Top Colombian drug lord captured in Venezuela
Argentina Voting Age Change Debated
"Debate began in Argentina’s senate Wednesday on a proposal to lower the voting age from 18 to 16, while another battle heated up over efforts to bring politics into the public schools." -Huffington Post
Cuba Health Care: Budget Cuts Threaten Sector
HAVANA — Cuba’s system of free medical care, long considered a birthright by its citizens and trumpeted as one of the communist government’s great successes, is not immune to cutbacks under Raul Castro’s drive for efficiency.
The health sector has already endured millions of dollars in budget cuts and tens of thousands of layoffs, and it became clear this month that Castro is looking for more ways to save when the newspaper voice of the Communist Party, Granma, published daily details for two weeks on how much the government spends on everything from anesthetics and acupuncture to orthodontics and organ transplants.
Mexico leader regrets US embassy car shooting
Felipe Calderon, the Mexican president, has voiced regret for the federal police shooting of a US embassy car that wounded two US government employees.
In his first public remarks about Friday’s shooting, Calderon told the US ambassador to Mexico that the attorney general’s office was thoroughly investigating the incident.
A judge on Monday placed 12 police officers under 40-day detention as prosecutors mull charges against them for the shooting, which the US embassy has described as an “ambush”.
Life in a Border Town Marred by Tension
The part of the border that divides the Dominican Republic from Haiti on the southern coast of the island of Hispaniola is seldom reached by outsiders. To get to the Dominican town of Pedernales from Santo Domingo takes a seven-hour ride on a public bus, or gua-gua, through a desertlike region bordered to the south by pristine stone beaches on the Caribbean Sea. On the opposite side, the trip from Port-au-Prince to the Haitian town of Anse-à-Pitre requires switching between multiple tap-taps that drive along a worn-out road. For the second leg from Marigot, one must choose between a brutal dirt-road drive that has no mercy for the ancient vehicles that navigate it, or an overnight voyage on a perilous wooden raft over the sea.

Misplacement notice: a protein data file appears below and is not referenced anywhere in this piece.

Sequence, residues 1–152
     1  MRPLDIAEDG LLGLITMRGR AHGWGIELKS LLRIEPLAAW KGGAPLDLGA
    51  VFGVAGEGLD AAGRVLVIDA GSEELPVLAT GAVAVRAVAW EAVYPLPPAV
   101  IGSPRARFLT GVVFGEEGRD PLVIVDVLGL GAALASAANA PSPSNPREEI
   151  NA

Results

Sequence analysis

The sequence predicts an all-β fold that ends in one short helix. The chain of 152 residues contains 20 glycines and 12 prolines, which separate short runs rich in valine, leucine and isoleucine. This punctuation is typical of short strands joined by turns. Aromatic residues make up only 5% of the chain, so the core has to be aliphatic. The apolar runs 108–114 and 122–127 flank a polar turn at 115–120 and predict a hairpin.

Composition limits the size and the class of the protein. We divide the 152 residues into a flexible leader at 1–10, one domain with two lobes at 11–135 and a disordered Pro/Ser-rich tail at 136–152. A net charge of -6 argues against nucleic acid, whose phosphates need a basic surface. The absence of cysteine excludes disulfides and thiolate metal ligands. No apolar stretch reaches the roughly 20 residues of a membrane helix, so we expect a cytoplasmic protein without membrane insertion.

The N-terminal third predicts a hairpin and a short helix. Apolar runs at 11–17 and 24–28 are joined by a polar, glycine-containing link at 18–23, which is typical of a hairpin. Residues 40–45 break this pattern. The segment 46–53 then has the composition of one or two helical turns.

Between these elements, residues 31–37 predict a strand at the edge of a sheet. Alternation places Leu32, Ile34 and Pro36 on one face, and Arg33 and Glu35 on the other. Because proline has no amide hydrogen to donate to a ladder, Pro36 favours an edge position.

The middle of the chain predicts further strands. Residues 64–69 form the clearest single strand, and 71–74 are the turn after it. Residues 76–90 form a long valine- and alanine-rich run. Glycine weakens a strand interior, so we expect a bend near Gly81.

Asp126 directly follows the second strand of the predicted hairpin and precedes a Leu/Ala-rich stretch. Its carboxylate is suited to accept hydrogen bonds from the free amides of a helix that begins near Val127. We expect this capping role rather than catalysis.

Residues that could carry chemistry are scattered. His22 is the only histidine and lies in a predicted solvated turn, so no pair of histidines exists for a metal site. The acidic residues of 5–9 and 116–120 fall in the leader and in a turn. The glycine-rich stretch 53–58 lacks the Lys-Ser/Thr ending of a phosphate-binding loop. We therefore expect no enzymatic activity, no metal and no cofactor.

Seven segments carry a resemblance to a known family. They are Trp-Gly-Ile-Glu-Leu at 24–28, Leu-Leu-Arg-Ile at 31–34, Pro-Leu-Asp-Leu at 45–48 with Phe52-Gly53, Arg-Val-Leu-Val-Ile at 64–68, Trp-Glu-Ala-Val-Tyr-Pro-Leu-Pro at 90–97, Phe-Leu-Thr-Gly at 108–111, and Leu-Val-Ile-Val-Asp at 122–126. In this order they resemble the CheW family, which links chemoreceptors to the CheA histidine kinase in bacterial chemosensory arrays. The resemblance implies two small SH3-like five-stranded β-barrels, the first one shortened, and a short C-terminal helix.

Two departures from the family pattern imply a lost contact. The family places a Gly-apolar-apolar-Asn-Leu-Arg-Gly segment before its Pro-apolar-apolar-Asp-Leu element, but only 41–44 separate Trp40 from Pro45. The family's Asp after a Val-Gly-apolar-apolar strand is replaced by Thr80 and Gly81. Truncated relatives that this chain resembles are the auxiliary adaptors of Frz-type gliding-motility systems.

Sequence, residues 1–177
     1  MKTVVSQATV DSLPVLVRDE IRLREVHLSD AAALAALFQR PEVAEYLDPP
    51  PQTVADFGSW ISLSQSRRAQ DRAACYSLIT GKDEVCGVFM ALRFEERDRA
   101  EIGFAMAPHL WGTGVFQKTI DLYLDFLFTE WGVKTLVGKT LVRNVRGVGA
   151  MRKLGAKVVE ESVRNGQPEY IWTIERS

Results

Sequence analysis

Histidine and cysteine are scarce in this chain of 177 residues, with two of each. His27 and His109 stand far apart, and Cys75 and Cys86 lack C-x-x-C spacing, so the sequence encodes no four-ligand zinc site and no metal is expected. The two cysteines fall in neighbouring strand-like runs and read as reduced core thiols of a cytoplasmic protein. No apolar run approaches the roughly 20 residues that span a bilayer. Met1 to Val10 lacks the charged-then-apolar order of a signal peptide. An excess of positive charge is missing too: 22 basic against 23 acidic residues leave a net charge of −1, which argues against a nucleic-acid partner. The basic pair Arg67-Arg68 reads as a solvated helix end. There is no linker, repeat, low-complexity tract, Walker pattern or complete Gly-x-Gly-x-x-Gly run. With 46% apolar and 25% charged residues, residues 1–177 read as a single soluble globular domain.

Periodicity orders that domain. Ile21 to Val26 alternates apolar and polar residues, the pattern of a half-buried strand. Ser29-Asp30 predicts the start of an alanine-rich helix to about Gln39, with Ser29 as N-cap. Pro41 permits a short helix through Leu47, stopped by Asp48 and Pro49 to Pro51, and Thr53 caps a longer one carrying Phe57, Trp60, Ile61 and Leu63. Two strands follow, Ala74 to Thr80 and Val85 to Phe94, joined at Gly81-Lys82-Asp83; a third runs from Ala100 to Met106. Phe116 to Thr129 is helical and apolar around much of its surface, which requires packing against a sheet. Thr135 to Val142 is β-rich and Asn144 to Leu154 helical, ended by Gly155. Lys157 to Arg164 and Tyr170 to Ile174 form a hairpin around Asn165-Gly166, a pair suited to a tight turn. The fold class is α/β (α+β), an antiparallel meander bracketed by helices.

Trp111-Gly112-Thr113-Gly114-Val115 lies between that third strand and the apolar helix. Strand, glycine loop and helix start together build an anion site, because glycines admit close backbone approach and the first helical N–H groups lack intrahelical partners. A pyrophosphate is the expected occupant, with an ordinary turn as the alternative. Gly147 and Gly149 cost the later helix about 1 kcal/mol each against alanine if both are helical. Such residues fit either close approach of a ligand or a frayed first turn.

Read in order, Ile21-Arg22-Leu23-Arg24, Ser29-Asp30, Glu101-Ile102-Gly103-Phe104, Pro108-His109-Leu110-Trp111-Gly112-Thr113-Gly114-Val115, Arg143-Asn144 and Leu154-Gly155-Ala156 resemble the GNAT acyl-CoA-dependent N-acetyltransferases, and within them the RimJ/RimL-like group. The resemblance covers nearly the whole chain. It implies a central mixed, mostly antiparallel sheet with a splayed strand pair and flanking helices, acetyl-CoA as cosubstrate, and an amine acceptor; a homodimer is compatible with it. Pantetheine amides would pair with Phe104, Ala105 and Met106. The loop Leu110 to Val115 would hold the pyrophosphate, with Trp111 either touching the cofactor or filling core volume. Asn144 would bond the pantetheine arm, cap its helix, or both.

The Colombian Paradox: Capital Mobility, Land, and Power
Last Sunday, August 19, during a speech in the city of Sincelejo, former Colombian president Álvaro Uribe Vélez accused President Juan Manuel Santos ofnegotiating with guerrillas of the Revolutionary Armed Forces of Colombia (FARC), in Cuba. “This is incomprehensible: security deteriorating while the government is negotiating with the FARC terrorist group in Cuba,” he said. Santos has publicly denied the claims and Uribe did not provide any evidence. In this case, it is likely that what was said is not as important as where it was said. Sincelejo is the capital of the Northern Colombian department of Sucre, a powerful stronghold of Colombian landed elite, which has resisted land reform for decades. Colombia’s economy depends on the services and extractive sectors, but through its disproportionate political power, the landed elite hold the keys to war and peace, an historical paradox that has yet to be resolved.
Women In the Forefront of Bolivia’s TIPNIS Conflict
In the ongoing struggle against the Bolivian government’s plan to build a highway through the Isiboro Sécure Indigenous Territory and National Park (TIPNIS), lowland indigenous women have been on the front lines. Their protagonism has sparked controversy in a society where patriarchal traditions and attitudes still run deep—despite recent advances, including the election of women to almost half of all local government posts, as mandated by Bolivia’s new constitution.
Since July 23, workers have been on strike at Colombia’s private railway company FENOCO demanding better salaries, improved work conditions, and more social investments in areas of coal production. The strike may have serious implications on coal supply and prices in international markets, considering that Colombia is among the world’s largest coal exporters.
NACLA PHOTO CONTEST
Submit your photo to NACLA’s Photo Contest! Deadline is August 22nd! The topic for the Fall 2012 NACLA Photo Contest is “Media in the Americas.” The winning photograph for each issue will be published in full color in the next NACLA Report. The winning photographer will receive a copy of the magazine featuring their photograph and a one-year-subscription to NACLA!